Tenants renting a home must receive notice upon foreclosure sale.

Civil Code §2924.8

Amended by A.B. 2610
Effective dates: March 1, 2013 – December 31, 2019*

The notice of sale to be posted with the notice of trustee’s sale on a residential property in foreclosure has been amended to read:

(Changes are indicated in bold)

“Foreclosure process has begun on this property, which may affect your right to continue to live in this property. Twenty days or more after the date of this notice, this property may be sold at foreclosure. If you are renting this property, the new property owner may either give you a new lease or rental agreement or provide you with a 90-day eviction notice. You may have a right to stay in your home for longer than 90 days. If you have a fixed-term lease, the new owner must honor the lease unless the new owner will occupy the property as a primary residence or in other limited circumstances. Also, in some cases and in some cities with a “just cause for eviction” law, you may not have to move at all. All right and obligations under your lease or tenancy, including your obligation to pay rent, will continue after the foreclosure sale. You may wish to contact a lawyer or your local legal aid office or housing counseling agency to discuss any rights you may have.”

The amended notice must also be delivered via first-class mail to the resident of the property in foreclosure.

This notice will be translated into Spanish, Chinese, Tagalog, Vietnamese or Korean by the Department of Consumer Affairs (DCA). The use of this notice will be required the later of March 1, 2013, or 60 days after the DCA posts the required translations on its website.*

This law will sunset on December 31, 2019.


90-day notice to quit due to foreclosure extended to periodic tenancies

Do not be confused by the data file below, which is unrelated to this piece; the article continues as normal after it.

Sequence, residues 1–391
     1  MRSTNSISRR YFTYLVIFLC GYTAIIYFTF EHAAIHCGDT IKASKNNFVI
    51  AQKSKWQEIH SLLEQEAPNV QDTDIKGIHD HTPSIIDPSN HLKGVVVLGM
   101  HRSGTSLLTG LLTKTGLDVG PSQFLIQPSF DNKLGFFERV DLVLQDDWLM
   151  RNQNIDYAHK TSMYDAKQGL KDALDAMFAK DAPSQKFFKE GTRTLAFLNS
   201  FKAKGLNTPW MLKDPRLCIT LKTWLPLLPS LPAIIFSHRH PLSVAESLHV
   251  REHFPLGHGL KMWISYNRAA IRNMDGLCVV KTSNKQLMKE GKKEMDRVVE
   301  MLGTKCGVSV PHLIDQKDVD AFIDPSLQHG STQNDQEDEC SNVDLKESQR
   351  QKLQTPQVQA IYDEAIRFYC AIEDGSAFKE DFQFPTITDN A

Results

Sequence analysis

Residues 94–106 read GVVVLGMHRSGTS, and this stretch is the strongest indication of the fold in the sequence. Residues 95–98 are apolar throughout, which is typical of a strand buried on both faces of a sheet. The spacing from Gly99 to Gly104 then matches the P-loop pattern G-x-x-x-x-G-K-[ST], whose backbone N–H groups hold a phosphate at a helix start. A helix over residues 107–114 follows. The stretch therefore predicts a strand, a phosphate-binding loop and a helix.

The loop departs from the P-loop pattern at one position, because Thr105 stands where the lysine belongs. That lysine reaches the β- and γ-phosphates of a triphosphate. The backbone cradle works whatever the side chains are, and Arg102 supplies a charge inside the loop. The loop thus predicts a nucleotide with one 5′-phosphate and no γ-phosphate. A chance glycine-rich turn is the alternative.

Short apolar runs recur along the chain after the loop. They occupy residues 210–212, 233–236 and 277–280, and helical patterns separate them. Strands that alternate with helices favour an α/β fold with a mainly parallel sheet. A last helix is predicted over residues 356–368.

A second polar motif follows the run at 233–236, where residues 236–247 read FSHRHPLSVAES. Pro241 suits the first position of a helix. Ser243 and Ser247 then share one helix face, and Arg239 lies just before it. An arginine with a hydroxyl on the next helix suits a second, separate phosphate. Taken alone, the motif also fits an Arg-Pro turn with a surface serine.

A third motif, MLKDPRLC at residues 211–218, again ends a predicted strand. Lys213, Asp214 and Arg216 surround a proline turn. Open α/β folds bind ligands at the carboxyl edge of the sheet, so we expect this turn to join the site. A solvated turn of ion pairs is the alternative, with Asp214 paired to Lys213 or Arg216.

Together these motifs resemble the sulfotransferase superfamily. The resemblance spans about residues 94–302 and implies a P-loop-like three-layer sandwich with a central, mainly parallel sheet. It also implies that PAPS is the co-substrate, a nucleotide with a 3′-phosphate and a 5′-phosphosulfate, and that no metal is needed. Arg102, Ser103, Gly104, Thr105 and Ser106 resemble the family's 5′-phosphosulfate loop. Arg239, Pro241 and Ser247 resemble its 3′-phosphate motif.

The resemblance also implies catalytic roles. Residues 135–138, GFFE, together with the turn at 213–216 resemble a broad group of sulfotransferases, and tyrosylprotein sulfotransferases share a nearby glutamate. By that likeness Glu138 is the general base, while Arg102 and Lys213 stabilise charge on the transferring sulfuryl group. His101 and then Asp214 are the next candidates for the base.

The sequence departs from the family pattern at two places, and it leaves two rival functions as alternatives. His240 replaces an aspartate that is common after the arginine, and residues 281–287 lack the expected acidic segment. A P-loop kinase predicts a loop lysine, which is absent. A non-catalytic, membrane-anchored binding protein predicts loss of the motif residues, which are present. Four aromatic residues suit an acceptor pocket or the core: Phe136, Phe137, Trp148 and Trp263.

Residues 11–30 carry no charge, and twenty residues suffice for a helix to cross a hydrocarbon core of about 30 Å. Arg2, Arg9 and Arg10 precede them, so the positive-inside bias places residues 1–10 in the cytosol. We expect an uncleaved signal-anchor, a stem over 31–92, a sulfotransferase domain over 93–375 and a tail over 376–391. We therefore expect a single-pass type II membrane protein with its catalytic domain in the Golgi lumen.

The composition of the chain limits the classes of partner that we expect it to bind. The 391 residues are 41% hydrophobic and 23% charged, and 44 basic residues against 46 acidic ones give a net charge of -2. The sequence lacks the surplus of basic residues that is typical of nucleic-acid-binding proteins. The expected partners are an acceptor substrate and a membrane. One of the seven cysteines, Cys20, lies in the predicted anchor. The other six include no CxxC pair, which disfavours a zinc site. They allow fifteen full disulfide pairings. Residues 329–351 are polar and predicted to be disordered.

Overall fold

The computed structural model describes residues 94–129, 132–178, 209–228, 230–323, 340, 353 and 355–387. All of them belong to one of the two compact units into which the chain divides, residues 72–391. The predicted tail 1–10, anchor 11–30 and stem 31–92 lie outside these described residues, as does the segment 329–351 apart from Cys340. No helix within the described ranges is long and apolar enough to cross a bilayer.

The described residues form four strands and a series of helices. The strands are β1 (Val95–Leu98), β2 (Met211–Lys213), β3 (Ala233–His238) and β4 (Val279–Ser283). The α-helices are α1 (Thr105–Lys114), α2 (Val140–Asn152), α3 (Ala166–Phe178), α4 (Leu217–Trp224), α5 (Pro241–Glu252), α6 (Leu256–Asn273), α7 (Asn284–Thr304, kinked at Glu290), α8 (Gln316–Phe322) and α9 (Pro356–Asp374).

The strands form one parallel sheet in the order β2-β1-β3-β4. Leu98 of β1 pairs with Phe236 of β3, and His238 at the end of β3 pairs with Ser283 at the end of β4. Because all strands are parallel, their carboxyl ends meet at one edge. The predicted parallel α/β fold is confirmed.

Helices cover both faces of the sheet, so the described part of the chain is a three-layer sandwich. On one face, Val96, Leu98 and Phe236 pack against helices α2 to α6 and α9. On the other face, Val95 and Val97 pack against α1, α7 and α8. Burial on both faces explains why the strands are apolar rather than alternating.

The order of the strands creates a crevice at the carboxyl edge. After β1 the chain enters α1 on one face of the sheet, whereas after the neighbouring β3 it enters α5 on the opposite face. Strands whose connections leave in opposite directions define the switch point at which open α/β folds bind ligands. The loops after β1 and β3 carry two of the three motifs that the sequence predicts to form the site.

Use of the 90-day notice to quit in the event of foreclosure sale

Code of Civil Procedure § 1161b

Amended by A.B. 2610
Effective dates: January 1, 2013 – December 31, 2019

To terminate the periodic tenancy of a tenant who occupies a residential property at the time the property is sold in foreclosure, the tenant must receive at least 90 days’ written notice to quit.

Residential tenants with a fixed-term lease entered into prior to the foreclosure sale will have the right to possess the rented property until the end of their lease, unless:

  • the new owner will use the property as their primary residence;
  • the tenant is the current owner of the property who has defaulted on the mortgage;
  • the tenant is the child, spouse or parent of the current owner;
  • the lease was not the result of an arm’s length transaction; or
  • the rent was substantially less than fair market rent without subsidization or reduction per court order.

A fixed-term tenancy can be terminated for any of the above reasons by serving the tenant with a 90-day notice to quit. [See first tuesday Form 573]

The new owner bears the burden of proof in establishing the tenant is not eligible to possess the property through the end of the lease term.

This law will sunset on December 31, 2019.

Editor’s note — In practice, the 90-day notice requirement was already in place via the federal Protecting Tenants At Foreclosure Act. However, the notice referenced the California 60-day notice requirement, with only an oblique reference to the longer federal notice requirement (“other laws…may provide you with a longer notice [period]”). Adopting the federal language and amending the notice will provide tenants with an accurate and clear declaration of their rights.